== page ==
Apparently, God is STILL Not Dead

It seems once more, the rumors of Divine Demise have been greatly exaggerated, so there's a sequel to the 2014 film, God's Not Dead

Obviously, this is not a movie review, which would imply I saw the movie. Nope!
Let’s call this my Cynical Cinematic Rant, based solely on the trailer. 

My first impulse after watching this preview involved screaming at the TV (Is it blasphemous to shout profanities at religious movies?) Then I decided to write my response. More accurately, my reaction. “Response” sounds like I’m talking about my favorite ice cream; “reaction” is what happens when the ice cream curdles on my stomach! 

We know God is not dead because we had the first movie to prove that assertion, once and for all. But it would appear not everyone was convinced or converted, so GOOD NEWS: God is still not dead, and there’s a sequel. Surely this one will definitively prove this existential reality. 

God is not dead, and they hired anti-gay religious bigot Pat Boone to prove it. (He’s been around almost as long as God, after all.) We also have Duck Dynasty’s Sadie Robertson. Those two would be enough to keep me away from this film. God is not dead, but the hateful rhetoric of such Fundamentalist followers certainly mutilates God's credibility. Why in God’s Name (pun intended) would I spend money to support people who work against my equality? God may not be dead, but their theology would prefer it if I were. 

The contrived, slanted ideas of both films are insulting to me as a person of faith:

Movie 1: College student attends a philosophy class, where the uncompromising Professor requires all students to agree in writing that the Christian god is "dead."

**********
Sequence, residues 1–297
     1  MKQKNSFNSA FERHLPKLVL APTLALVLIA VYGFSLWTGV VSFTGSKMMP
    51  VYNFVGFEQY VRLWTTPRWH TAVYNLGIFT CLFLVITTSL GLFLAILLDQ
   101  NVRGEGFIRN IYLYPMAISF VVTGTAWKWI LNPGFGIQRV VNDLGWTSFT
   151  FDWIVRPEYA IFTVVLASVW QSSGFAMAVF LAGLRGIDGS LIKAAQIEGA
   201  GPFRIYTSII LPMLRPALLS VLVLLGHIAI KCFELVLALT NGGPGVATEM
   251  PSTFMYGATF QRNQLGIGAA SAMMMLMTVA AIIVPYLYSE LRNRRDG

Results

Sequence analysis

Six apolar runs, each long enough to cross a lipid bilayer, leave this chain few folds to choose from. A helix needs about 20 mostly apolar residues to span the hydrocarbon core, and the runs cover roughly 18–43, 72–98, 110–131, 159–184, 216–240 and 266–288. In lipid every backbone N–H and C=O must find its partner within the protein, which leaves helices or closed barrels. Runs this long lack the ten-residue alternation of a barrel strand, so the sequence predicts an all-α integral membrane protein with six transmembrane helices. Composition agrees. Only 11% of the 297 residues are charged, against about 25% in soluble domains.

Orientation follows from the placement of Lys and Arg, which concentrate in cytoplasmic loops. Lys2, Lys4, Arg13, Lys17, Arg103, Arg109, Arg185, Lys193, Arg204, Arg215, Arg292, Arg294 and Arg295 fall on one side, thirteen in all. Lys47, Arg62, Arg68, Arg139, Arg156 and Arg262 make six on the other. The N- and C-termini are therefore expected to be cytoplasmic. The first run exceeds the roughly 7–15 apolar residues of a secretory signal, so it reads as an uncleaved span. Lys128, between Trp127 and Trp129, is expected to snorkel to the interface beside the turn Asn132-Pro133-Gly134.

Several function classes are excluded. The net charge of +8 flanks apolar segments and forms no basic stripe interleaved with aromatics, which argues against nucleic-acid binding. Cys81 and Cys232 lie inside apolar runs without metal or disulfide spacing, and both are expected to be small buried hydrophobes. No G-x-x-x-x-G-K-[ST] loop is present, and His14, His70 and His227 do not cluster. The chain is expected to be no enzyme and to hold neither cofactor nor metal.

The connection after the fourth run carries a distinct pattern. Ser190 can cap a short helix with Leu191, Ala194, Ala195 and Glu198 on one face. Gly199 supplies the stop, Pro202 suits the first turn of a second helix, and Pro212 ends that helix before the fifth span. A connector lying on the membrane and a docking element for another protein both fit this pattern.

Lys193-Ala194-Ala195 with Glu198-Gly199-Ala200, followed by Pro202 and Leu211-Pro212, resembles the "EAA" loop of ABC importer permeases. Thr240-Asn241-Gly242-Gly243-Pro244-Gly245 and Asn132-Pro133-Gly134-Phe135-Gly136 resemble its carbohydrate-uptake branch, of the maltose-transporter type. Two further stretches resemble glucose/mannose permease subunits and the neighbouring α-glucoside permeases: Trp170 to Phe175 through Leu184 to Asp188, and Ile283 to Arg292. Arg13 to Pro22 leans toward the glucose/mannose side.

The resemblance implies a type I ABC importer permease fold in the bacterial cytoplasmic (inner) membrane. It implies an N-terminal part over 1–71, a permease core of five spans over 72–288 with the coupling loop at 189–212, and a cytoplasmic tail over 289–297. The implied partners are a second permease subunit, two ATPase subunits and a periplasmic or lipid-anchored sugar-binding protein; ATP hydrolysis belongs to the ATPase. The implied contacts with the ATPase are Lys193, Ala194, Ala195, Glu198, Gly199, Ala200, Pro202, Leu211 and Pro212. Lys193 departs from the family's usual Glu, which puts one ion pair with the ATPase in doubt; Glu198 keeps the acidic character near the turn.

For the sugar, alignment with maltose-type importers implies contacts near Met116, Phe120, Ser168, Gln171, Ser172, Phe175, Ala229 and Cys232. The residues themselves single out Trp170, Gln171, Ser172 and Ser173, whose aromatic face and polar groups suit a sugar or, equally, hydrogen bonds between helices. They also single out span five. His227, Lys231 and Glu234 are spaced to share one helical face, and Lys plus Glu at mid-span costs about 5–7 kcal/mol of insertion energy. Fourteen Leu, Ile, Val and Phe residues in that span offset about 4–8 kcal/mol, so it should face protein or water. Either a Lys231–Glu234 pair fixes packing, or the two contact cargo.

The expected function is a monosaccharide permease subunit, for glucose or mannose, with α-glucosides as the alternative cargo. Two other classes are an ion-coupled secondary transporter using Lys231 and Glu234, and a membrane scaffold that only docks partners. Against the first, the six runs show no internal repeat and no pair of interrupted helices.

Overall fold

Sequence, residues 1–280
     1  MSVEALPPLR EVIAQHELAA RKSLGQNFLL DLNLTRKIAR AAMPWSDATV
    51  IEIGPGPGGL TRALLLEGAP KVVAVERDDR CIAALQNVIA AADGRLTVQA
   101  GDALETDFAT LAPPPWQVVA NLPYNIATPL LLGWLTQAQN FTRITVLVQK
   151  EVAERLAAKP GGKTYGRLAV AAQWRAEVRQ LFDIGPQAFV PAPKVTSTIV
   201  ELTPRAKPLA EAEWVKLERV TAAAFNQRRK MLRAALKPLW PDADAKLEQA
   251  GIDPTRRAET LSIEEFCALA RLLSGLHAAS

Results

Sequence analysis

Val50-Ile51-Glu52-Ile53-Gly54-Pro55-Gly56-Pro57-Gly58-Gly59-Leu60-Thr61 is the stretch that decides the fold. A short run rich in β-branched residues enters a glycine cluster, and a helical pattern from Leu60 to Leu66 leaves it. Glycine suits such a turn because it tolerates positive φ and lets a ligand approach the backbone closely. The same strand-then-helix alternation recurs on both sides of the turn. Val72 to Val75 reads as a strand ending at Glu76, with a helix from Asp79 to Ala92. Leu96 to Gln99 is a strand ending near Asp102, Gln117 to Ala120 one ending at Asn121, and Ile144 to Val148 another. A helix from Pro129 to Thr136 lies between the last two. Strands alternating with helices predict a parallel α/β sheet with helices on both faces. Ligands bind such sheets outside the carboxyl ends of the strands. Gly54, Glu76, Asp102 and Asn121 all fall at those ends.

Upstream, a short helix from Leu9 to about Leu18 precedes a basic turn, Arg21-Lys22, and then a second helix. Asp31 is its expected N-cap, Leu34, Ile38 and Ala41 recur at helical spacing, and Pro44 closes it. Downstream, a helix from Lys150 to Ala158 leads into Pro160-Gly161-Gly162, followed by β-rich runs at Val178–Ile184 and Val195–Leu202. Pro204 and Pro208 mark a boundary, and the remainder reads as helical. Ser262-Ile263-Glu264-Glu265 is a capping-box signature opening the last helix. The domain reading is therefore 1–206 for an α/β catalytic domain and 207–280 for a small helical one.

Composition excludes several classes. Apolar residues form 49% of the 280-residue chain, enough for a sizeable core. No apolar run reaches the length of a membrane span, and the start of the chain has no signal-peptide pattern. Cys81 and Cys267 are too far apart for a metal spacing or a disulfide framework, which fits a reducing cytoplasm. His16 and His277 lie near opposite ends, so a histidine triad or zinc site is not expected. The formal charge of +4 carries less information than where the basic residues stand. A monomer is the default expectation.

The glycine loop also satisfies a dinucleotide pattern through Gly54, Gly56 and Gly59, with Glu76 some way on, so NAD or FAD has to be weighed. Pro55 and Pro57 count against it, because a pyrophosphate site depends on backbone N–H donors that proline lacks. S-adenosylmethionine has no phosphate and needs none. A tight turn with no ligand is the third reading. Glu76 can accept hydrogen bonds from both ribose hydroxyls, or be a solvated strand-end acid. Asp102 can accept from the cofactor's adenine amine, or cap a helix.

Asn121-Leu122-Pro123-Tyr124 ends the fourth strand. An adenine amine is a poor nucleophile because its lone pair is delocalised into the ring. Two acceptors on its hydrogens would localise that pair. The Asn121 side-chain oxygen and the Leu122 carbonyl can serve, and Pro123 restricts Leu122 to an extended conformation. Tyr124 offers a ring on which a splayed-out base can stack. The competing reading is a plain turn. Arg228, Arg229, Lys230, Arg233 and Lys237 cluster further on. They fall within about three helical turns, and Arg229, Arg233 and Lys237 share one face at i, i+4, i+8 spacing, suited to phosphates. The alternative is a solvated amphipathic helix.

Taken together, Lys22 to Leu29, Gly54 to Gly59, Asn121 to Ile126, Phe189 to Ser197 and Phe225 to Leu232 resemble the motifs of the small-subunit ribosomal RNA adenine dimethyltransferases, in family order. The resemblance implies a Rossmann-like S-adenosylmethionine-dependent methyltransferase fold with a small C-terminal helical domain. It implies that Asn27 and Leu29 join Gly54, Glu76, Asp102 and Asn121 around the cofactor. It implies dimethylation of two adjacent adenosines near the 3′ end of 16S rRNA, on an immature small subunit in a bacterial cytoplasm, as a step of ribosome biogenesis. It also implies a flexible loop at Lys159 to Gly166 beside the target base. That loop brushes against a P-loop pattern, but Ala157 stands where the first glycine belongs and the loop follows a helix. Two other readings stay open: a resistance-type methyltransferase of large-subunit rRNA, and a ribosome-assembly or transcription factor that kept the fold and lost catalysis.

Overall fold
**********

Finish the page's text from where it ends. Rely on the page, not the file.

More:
Movie 2: When a high school teacher is asked a question in class about Jesus, her reasoned response lands her in deep trouble and could expel God from the public square once and for all. 

Please know: I do believe in God, but unlike these movies, I also believe in the intention and equal application of the First Amendment. I'm only stating my opinion; I get to do that in America. (I know that kinda goes against the theme of this movie.) I’m not trying to prevent anyone from seeing this movie; I see that as futile. Those who'll support this kind of film are about as pliable folks attending a Donald Trump rally. 

God is not dead, but subtlety clearly is! (“We’re at war!”) 
This movie targets those who believe "religious freedoms" are being eroded in our country, though with a decidedly narrow view of which religion is involved. In other words, Christian teachers aren’t allowed to teach about Jesus in public schools because of godless, atheist school policies. (The first movie purported Christian students aren’t allowed to personally believe in Jesus because of godless, atheist professors at state universities.) Oh, and there's the ACLU, those evil minions of Hades, pushing an anti-Christian agenda on the country. 

In this movie’s imaginary scenario, God is not dead, but now needs a lawyer. You know, like Santa Claus, in Miracle on 34th Street. A Christian teacher (played by Sabrina, the Teenage Witch, a show that at one time was vilified by the same people who will promote this film) is taken to court for her faith. Well, technically for answering a student’s question, but let’s not cloud the plot with pesky facts. Her attorney is played by Jesse Metcalfe, who previously starred in such righteous roles as a sexual boy-toy gardener in Desperate Housewives, and a bed-hopping Ewing in Dallas

God is not dead, and apparently neither is the myopic religious privilege that demands Christians be allowed to proselyte their beliefs in public schools.
Would folks be as zealous if the movie were fighting for a Muslim's right to teach Islam in a classroom? Could there such support for a movie that promoted high school workshops on Wiccan principles?